chapter  3
BODILY HARM, THE HANDMAID'S TALE
Pages 18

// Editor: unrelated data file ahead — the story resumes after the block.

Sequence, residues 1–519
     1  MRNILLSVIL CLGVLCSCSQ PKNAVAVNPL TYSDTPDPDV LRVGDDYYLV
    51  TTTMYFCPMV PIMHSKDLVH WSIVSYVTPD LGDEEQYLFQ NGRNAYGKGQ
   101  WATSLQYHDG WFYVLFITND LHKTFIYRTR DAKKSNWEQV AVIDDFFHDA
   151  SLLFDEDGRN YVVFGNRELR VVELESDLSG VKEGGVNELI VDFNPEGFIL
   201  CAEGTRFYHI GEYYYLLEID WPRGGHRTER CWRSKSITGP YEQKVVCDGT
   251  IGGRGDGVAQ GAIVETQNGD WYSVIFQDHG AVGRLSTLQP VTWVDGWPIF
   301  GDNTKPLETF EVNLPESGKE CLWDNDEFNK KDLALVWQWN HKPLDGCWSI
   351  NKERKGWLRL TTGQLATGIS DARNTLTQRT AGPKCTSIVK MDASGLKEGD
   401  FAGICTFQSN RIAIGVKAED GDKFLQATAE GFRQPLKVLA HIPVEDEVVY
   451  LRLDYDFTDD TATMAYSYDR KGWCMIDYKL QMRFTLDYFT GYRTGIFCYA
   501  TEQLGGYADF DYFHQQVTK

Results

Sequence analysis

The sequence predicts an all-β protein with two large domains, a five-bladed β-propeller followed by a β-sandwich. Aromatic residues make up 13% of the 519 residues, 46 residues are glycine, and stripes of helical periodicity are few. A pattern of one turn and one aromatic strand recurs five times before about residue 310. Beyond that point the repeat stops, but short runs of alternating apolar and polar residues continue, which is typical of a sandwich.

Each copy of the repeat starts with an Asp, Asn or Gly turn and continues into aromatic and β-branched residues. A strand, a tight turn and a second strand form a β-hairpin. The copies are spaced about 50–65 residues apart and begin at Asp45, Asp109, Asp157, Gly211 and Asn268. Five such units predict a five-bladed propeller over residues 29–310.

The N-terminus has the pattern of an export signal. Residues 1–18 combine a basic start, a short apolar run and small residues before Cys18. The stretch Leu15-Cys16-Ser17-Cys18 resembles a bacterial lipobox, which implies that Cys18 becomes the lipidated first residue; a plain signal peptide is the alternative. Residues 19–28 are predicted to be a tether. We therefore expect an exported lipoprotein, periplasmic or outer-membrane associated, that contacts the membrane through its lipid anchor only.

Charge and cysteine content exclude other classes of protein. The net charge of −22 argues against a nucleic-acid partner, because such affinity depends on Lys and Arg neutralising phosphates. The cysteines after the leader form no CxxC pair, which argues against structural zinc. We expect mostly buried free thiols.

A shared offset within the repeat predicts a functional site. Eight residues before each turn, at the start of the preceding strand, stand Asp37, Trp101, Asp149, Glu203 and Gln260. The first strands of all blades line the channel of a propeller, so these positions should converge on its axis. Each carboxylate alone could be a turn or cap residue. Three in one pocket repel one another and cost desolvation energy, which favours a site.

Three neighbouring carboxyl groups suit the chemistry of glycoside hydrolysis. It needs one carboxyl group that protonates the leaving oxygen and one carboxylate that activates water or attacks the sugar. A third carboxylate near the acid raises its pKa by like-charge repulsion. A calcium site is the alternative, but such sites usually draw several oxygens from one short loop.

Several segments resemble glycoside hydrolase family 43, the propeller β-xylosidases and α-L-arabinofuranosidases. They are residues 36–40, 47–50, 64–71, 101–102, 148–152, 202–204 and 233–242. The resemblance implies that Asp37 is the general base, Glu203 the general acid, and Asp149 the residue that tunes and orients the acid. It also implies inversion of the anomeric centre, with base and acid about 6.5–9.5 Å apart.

This conclusion presents some closing thoughts on the key concepts discussed in the preceding chapters of this book. Canadian women's fiction in the 1970s and 1980s is likely to face the problems of duality signalled in Professor Lotta Gutsa's title, Wilderness Womb: The Emergence of Canadian Women Writers, for origins is important but so also is the varieties of metanarratives through which Canadian women's fiction have emerged. Contemporary women write within the traditions they have inherited but they also write in resistance to those realism traditions, recognizing the need for their revision in order to redefine national and gender identity. The fictions by the eleven writers author have considered in this book are variant versions of this attempt, resulting in a network of features through which Canadian women's writing is constituted. The possibilities for contradiction and multiple perspectives are obvious and indeed they are a necessary consequence of the limits and range of this study.